The traditional model for funding a life after 65 has radically changed, as workers scramble to find other sources of retirement income besides pensions, 401(k)s and Social Security – and look to a longer stay in the workplace as a way of propping up their finances in their golden years.

“Today’s workers recognize they need to save and self-fund a greater portion of their retirement income,” said Catherine Collinson, president of Transamerica Center for Retirement Studies. “In response, they are transforming the United States retirement system from a three-legged stool into a table by creating a fourth leg: working.”

Younger workers, especially, know they won’t have access to defined benefit pensions and most don’t believe Social Security will still be available to them when they do decide to retire. Many plan to rely on their workplace retirement plans in conjunction with other savings and investments, home equity, inheritances and working longer.

Transamerica and Harris Poll conducted an online survey of 4,550 workers over the age of 18 who work for an employer with at least 10 employees.

See also: Health plan changes put added pressure on retirement savings

The poll found that 58% of workers plan to work past age 65 or don’t plan on retiring at all, but that attitude differs by age group. Sixty-one percent of workers in their 40s, 59% of workers in their 50s and 82% of workers in their 60s and older plan to work past age 65 or do not plan to retire. Half of those in their 20s and 30s expect to retire at age 65 or sooner, the poll found.

Thirteen percent of those surveyed said that working will be their primary source of income in retirement, while 37% said they expect working to be a source of income in retirement, the study found. Social Security continues to be the main source of retirement income for 69% of the population, while retirement accounts, such as 401(k)s, 403(b)s and IRAs make up another 68%. Forty-five percent of those surveyed said that other savings and investments would contribute to their retirement. Only 23% mentioned defined benefit pension plans; 13% said home equity and 11% expected to inherit their retirement money.

“The long-held view that retirement is a moment in time when people reach a certain age, immediately stop working, fully retire and begin pursuing their dreams is more myth than reality,” said Collinson. “Retirement has become a transition that may be phased over time or happen abruptly due to intervening circumstances.”

All age groups dream about what they will do in retirement.

“Today’s workers in their 20s are embarking on their careers and juggling financial priorities, yet many are already saving for retirement,” Collinson said. “By starting at a young age and investing wisely, they can grow their nest eggs over four to five decades and enjoy the compounding of their investments over time.”

See also: New generation requires new retirement thinking

The survey found that 67% of workers in their 20s are already saving for retirement, despite competing financial priorities such as credit card debt and student loans. The bad news is that 37% of this group admitted they know nothing about asset allocation principles. About 24% said they are investing in low-risk, low-return investments, “which may be too conservative given their time horizon, while others (27%) are ‘not sure’ how their savings are invested,” the survey found. Eighty-one percent of this group are concerned that Social Security won’t be there for them when they retire.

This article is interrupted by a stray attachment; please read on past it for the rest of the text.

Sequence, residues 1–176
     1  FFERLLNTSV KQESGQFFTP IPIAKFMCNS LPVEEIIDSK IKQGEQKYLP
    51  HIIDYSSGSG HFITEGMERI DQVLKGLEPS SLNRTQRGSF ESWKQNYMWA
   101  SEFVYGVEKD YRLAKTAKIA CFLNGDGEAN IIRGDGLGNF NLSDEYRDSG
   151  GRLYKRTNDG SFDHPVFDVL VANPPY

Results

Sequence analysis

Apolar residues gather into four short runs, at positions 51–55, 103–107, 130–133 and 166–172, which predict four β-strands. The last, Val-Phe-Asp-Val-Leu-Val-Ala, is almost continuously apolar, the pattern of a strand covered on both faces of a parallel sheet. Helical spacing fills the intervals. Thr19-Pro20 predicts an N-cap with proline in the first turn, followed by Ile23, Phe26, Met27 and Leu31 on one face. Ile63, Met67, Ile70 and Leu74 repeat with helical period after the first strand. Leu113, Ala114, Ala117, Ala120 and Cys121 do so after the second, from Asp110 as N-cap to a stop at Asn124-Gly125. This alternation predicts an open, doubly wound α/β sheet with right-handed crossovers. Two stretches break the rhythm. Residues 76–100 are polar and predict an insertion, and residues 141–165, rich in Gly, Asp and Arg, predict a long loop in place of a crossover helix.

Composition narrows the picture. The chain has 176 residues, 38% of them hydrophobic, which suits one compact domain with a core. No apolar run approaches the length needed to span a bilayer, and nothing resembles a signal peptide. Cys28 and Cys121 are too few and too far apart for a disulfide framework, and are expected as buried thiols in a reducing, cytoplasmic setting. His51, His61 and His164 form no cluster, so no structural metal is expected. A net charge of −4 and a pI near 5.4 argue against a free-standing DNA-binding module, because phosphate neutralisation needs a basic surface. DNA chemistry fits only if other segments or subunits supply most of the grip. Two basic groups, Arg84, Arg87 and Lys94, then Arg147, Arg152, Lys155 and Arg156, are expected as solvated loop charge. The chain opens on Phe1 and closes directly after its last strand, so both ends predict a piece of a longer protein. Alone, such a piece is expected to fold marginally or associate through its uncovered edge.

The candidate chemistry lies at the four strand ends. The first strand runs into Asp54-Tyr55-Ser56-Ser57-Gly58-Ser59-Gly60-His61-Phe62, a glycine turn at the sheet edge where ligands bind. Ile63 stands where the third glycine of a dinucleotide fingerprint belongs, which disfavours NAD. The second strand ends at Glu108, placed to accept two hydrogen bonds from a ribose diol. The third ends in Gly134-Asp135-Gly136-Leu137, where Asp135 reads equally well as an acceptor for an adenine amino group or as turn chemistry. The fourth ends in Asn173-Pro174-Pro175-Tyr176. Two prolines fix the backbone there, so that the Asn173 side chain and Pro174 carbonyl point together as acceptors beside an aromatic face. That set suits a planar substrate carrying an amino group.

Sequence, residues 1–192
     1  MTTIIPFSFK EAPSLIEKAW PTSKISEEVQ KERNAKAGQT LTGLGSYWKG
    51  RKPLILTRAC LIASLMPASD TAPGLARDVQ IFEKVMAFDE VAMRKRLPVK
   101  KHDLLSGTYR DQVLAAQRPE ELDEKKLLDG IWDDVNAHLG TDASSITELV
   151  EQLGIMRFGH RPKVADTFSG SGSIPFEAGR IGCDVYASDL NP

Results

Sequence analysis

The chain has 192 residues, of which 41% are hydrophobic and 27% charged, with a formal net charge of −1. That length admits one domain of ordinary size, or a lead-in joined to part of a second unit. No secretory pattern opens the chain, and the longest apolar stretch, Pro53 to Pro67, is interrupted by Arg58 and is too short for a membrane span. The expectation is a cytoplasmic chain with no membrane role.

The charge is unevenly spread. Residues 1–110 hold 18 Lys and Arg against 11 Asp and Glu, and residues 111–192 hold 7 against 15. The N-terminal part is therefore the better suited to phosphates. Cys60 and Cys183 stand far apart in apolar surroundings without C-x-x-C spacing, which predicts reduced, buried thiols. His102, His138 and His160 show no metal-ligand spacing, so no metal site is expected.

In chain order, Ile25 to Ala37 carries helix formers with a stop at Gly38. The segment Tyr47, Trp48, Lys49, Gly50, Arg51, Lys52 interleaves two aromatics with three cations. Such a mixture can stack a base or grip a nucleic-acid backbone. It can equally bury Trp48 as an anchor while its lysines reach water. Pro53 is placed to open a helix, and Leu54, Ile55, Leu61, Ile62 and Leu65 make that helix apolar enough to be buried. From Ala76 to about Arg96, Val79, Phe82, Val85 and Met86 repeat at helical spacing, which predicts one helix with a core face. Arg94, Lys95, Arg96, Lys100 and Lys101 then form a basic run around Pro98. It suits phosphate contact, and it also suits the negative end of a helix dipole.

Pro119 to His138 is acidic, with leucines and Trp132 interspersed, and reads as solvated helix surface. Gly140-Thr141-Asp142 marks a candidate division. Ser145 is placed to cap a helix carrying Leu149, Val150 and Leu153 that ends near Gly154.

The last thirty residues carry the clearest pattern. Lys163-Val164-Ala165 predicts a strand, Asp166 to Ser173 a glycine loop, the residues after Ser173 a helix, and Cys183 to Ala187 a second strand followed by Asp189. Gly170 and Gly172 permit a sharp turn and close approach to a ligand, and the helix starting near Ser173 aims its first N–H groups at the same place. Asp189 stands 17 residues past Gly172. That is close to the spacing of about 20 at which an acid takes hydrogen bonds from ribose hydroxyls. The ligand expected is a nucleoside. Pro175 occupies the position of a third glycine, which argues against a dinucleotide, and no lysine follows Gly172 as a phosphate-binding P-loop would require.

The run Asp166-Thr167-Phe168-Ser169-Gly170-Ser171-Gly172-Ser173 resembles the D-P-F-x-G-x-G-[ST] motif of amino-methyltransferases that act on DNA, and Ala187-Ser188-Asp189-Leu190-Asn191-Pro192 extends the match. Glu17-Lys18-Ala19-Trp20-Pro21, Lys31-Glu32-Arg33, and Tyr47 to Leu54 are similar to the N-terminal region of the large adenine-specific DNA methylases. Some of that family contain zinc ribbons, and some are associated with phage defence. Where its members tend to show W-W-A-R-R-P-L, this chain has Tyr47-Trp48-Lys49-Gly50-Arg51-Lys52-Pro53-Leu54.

Transamerica found that 76% of workers in their 30s are saving for retirement. Among those participating in a 401(k) or other workplace plan, 30% said they are contributing 10% or more of their pay.

Those in their 40s are still contending with the aftermath of the Great Recession, balancing work, kids and aging parents, Collinson said. “It’s important for them to remember that they can improve their long-term prospects. They still have 20 or more years to save.”

Only 10% of workers in their 40s are very confident they will be able to comfortably retire one day. And although 82% said they are participating in a plan at work and are contributing 7% of their annual pay, only 23% are contributing more than 10%. Transamerica found that total household retirement savings of workers in their 40s is $63,000.

Eighty percent of people in their 50s are saving for retirement and among those who have access to a workplace retirement plan, 83% said they participate in it. Among those, 31% say they are contributing more than 10% of their income to it.

Collinson said that people in their 50s need to formulate a retirement strategy. The survey found that only 60% have done so and only 14% say they have a written plan. More than half guessed at what they will need in retirement.

See also: 401(k) success hinges on employer flexibility

Eighty-two percent of workers over age 60 expect to work or are already working past age 65. Of those, 56% are doing this because they can’t afford to retire or they need health benefits.

Nearly half of this age group plan to rely on Social Security as their primary form of income in retirement.

“It is never too soon or too late to save, invest and plan for retirement. By taking proactive steps today, workers of all ages can improve their retirement outlook,” said Collinson. “By extending our working lives and fully retiring at an older age, we can earn income, bridge savings shortfalls and stay active and involved. It’s also important to remember that life’s unforeseen circumstances, such as health issues or job loss, can derail the best laid plans. Everyone needs a Plan B for the unexpected.”

The Transamerica Center for Retirement Studies is a division of Transamerica Institute, a nonprofit private foundation. The institute is funded by Transamerica Life Insurance Company and its affiliates.

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